October 29th, 2021

MLB Player Digital Engagement Forecasting

RSS icon RSS Category: Kaggle, Machine Learning

Are you a baseball fan? If so, you may notice that things are heating up right now as the Major League Baseball (MLB) World Series between Houston Astros and Atlanta Braves tied at 1-1.

MLB Postseason 2021 Results as of October 28 (source)

This also reminded me of the MLB Player Digital Engagement Forecasting competition in which my colleagues and Kaggle Grandmasters, Branden Murray, John Miller, Mark Landry, and Marios Michailidis, earned a second-place finish earlier this year. So here is a blog post about their baseball adventure. You will find an overview of the challenge, their solution as well as some interesting facts about each team member.

 

The Challenge

“In this competition, you’ll predict how fans engage with MLB players’ digital content on a daily basis for a future date range. You’ll have access to player performance data, social media data, and team factors like market size. Successful models will provide new insights into what signals most strongly correlate with and influence engagement.” – challenge description from Kaggle.

In short, the participants were asked to predict four digital engagement targets based on player/team performance as well as social media data. In order to prevent information leakage, the sources of the four numerical targets in the training set were never disclosed to the participants. John did a post-competition analysis and his hypothesis was that the targets represent typical digital engagement measures such as shares/retweets, likes, mentions, and comments. Yet, no one really knows what the targets mean except the competition organizers.

If you are interested in a data deep dive, you can download the data and check out some of the explanatory analysis notebooks that won the explainability prizes. Below are visualizations from those notebooks.

Mean Target Values from 2018 to 2021 (Source)

Seasonality of Different Targets (Source)

 

The Solution – Overview

“Our final model was a blend of five LightGBM models with different settings and one XGBoost
model for each target (24 models in total). The most important features were aggregates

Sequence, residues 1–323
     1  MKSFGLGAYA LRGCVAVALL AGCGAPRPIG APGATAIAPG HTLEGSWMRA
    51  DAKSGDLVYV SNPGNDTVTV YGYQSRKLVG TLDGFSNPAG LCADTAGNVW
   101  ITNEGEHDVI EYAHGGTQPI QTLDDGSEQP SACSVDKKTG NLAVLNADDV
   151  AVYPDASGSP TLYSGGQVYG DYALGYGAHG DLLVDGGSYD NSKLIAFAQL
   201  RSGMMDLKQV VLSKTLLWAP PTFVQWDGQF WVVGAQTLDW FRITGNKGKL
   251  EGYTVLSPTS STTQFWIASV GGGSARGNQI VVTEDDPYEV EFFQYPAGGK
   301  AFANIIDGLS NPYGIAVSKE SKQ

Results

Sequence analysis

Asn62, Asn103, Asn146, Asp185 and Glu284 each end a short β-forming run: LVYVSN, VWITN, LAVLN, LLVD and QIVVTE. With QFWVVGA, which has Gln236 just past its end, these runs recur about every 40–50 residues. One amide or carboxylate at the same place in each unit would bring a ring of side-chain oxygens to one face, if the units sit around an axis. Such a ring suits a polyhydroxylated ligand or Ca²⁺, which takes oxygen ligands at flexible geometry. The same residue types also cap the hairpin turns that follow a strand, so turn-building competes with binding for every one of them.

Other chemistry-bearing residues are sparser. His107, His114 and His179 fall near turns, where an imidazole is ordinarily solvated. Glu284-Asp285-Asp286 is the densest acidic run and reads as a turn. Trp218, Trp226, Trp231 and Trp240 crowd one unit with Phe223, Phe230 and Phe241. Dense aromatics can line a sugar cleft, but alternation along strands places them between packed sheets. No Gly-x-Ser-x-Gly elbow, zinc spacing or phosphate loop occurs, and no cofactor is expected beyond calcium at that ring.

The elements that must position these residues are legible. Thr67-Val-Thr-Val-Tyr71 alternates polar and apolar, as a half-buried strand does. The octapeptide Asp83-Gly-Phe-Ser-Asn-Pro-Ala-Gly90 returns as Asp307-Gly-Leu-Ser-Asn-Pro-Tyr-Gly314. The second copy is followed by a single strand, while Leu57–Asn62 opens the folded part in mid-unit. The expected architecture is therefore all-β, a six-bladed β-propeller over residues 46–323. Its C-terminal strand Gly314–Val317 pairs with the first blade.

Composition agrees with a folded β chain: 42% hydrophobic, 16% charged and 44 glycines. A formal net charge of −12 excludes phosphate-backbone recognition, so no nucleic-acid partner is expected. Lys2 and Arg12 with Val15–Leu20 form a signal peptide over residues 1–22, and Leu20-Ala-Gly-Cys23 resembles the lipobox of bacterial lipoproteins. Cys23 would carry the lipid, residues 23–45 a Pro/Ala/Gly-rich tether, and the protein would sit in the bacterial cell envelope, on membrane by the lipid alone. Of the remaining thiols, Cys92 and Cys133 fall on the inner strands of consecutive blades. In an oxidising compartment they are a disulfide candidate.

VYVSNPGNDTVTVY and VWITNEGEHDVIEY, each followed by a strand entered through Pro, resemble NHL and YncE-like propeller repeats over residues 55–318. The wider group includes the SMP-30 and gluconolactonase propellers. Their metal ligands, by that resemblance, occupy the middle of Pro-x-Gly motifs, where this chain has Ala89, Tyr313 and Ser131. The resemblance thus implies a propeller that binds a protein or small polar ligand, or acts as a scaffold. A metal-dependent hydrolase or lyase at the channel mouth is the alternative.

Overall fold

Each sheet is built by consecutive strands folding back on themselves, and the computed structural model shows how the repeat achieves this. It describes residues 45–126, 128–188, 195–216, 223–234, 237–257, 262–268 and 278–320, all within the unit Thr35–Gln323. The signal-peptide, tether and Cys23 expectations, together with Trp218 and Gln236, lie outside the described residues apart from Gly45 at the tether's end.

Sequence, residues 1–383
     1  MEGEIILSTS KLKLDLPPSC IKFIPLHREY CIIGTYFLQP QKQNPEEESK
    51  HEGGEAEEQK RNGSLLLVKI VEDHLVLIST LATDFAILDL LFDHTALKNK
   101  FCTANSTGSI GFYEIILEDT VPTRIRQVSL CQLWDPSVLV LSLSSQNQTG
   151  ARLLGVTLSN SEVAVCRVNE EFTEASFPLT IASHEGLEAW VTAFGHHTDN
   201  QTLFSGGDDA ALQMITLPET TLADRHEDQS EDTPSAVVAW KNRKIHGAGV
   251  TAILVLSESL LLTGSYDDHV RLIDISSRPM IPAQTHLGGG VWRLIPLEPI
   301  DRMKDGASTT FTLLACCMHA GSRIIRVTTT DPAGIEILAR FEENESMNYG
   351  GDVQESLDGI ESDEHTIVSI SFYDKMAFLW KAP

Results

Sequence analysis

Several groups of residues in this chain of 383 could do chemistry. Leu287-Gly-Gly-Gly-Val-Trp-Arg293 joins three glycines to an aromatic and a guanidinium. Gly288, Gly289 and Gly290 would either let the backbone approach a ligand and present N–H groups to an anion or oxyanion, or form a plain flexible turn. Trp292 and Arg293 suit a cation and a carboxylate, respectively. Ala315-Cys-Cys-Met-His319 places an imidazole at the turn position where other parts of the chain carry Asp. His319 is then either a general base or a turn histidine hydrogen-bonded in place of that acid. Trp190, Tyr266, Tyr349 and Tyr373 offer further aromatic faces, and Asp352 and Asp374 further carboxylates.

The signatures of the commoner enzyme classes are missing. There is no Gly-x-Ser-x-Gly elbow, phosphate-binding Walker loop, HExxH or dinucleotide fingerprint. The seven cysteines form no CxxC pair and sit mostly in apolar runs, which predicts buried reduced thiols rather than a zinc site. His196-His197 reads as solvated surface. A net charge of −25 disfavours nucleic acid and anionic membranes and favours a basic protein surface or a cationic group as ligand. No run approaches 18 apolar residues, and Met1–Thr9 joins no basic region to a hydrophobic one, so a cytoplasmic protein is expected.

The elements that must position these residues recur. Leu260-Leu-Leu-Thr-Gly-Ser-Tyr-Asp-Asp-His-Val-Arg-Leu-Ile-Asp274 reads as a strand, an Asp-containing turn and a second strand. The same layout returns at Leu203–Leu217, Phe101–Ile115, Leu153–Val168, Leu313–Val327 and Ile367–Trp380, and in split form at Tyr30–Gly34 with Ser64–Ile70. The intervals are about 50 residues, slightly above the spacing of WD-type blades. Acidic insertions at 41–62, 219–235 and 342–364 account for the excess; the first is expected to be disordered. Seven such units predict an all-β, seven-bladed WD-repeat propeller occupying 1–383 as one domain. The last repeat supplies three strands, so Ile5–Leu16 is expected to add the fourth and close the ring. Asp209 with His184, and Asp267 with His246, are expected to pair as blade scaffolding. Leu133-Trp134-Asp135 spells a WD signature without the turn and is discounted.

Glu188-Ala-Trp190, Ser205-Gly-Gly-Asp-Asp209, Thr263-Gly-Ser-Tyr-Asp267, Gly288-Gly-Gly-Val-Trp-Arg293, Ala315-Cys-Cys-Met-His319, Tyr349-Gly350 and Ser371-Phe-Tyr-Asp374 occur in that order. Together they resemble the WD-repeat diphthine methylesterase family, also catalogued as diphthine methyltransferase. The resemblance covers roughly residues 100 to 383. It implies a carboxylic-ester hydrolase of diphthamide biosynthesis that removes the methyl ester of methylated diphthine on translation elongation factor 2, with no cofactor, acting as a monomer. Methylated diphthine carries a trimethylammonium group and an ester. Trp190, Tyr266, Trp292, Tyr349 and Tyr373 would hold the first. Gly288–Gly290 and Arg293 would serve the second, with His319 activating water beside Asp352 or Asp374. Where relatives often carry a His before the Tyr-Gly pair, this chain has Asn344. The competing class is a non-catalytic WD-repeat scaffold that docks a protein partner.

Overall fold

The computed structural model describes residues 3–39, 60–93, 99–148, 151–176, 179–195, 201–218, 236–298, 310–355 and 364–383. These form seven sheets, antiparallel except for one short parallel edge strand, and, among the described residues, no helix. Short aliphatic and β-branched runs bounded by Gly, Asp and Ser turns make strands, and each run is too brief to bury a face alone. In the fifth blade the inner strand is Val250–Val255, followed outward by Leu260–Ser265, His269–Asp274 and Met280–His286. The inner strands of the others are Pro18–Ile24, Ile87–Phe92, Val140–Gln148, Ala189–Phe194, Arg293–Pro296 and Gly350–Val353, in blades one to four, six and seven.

of historical targets for each player, features related to the date, and the number of Twitter
followers. Actual “baseball game” related features that were important were the daily
maximum Win Probability Added around the league (a proxy for if a player somewhere
in the league had a really good game), a player’s current ranking in the home run race,
and whether there was a walk-off somewhere in the league.” – competition summary by Branden.

In short, the team generated some highly predictive features based on their years of Kaggle experience and blended different models together for robust predictions. The outputs are four digital engagement predictions for each player on a specific date. Although the team have no information about the meaning of each target, the predictions are still useful to the competition organizers. The organizers can decode and extract the real digital engagement measures from the numbers.

Samples of the Final Outputs (Source)

Final Standings for Team AutoMLB (Source)

 

The Solution – Details

For those of you who are interested in technical details, here is a summary of the models and features. You can check out the end-to-end process from this notebook. Of course, you can also skip this section and scroll down for the fun facts about each team member.

The Six Individual Models:

  • LightGBMobjective="regression_l1"
  • LightGBMobjective="regression_l2" – targets scaled by double square root
  • LightGBMobjective="regression_l1"boost_from_average=True
  • LightGBMobjective="regression_l1", "max_depth": -1
  • LightGBM DARTobject="regression_l1", boosting="dart"
  • XGBoost – targets scaled by double square root

The Most Important Features:

  • [numberOfFollowers] The most recent number of Twitter followers
  • [numberOfFollower_delta] The change in Twitter followers between the two most recent months
  • [monthday] Day of the month
  • [targetX_p_var] The historical variance of the target
  • [targetX_p_gameday_mean] The historical mean of the target on gameday
  • [roll12_targetX_p_mean] The rolling 12-month mean of the target for each player
  • [roll12_targetX_p_var] The rolling 12-month variance of the target for each player
  • [wpa_daily_max] League-wise daily maximum of Win Probability Added (WPA)
  • [homeRuns_rank] Home run ranking for each player
  • [A] Was the player active (or not)
  • [walk_off_league] Was there a walk-off hit in the league that day?